1. This is so encouraging Ashley! I have been in recovery for OCD for about 3 years and I am going through a lapse right now. I have been feeling so discouraged this week. I appreciate your honesty and your thoughts about God and OCD. Sometimes I have a hard time separating my OCD from my relationship with God. He is always there though. Thank you!

    • I’m so glad my story was encouraging to you, Kaitlin. Lapses can feel very discouraging, but you will beat this again, and be all the stronger for it! I’m going to check out your blog!

      • Hi Ashley,

        Thank you so much for your story! I would like to talk to you, if possible. May I send you my email address? Thanks for getting back to me!

  2. Pingback: Ashley's OCD Story - Postpartum OCD | The OCD S...

  3. I have OCD and recently relapsed. My main trigger is thinking of harming someone especially children. I feel so sick to my stomach when these images come into my mind. I had a hold of it until all my friends started having babies and then my husband discussed trying for a baby next year. I immediately started doubting myself and what ifs…..would I hurt the baby? Your story has given me a lot of hope and realization I am not the only one with these thoughts. I noticed you said you had another child and were on medication. Did you stay on medication while pregnant? I am worried about taking medication during my pregnancy due to birth defects.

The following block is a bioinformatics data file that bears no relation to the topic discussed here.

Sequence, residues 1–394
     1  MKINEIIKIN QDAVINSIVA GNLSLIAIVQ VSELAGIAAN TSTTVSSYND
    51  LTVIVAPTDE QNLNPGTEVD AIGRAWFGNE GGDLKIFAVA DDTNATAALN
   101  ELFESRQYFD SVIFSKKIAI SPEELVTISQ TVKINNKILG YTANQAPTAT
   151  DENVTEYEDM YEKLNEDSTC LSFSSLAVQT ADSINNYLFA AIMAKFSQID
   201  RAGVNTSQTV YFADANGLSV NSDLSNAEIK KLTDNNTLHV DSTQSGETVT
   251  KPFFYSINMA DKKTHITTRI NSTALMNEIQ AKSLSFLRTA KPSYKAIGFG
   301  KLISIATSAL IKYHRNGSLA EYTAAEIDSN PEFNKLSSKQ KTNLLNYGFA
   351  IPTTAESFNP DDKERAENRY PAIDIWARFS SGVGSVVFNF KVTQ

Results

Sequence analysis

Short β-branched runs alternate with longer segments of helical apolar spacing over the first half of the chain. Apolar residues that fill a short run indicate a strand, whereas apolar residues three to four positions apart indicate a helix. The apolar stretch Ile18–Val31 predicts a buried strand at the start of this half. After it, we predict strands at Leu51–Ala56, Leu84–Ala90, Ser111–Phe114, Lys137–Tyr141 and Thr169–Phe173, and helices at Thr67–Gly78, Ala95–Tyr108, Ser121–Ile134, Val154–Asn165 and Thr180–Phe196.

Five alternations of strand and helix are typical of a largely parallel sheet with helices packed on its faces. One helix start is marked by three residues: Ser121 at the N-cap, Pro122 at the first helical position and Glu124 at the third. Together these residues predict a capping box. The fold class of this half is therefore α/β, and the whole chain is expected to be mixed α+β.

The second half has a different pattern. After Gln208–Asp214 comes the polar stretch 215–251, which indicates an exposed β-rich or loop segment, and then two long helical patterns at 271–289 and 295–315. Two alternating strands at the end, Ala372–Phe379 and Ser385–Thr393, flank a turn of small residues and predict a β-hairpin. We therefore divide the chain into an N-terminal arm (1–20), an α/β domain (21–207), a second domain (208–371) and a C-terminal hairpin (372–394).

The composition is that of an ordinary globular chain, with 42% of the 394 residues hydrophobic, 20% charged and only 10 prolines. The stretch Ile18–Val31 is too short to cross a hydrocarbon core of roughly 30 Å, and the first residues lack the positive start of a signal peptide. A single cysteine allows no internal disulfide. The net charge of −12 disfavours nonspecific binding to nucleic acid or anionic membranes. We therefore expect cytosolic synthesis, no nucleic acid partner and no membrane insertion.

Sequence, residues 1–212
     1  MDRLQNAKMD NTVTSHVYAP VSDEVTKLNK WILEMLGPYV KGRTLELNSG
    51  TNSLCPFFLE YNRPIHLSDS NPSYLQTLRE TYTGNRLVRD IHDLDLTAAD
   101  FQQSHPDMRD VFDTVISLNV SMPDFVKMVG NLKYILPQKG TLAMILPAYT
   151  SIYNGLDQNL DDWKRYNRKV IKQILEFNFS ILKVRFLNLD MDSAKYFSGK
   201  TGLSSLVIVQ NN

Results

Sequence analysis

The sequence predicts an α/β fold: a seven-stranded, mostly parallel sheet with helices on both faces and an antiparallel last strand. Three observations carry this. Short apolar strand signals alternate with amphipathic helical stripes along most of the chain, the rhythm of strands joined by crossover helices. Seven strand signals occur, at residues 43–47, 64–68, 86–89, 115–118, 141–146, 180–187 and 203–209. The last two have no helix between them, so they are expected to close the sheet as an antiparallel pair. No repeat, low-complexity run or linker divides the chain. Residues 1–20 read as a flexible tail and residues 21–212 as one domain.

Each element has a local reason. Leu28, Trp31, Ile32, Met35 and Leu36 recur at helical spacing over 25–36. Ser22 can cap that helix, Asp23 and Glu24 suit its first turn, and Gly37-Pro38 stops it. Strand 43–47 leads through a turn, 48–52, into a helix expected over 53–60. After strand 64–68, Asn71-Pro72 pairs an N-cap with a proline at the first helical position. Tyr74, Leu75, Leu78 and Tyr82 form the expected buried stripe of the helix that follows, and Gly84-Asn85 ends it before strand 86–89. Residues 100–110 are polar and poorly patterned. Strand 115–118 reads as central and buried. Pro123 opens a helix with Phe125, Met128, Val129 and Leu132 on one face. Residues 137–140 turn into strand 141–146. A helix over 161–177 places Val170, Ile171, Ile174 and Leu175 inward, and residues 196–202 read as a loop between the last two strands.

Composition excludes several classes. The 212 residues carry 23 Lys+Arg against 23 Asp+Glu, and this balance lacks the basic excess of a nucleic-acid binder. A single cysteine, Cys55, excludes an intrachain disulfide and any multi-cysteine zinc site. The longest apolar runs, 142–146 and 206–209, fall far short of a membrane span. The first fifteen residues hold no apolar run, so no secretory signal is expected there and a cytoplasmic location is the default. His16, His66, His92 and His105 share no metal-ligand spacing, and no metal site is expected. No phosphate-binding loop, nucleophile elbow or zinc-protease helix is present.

• Avatar photo

      Hi Susan,

      Thanks for your message, I’m glad the story helped you. With your last question around medication I would recommend you speak with your doctor as they will be able to give you the best advice on this.


  4. Dear Ashley, what an inspiring story! I’m so glad that you feel better! I also suffer from intrusive thoughts and need a little hope. Is it possible to fully recover and be symtomp free if you take your medication? Do you still have thesw thoughts?
    Thank you so much!
    All the Best, Zejna

  5. Ashley, this story helped me so much. It gave me the faint of hope that I can get better. Its been two months with intrusive thoughts and I worry so much about my child as well. I could relate in so many ways. I was searching for you on twitter hoping I could connect. But thank you for sharing your story. Definitely worth reading. Best of wishes!!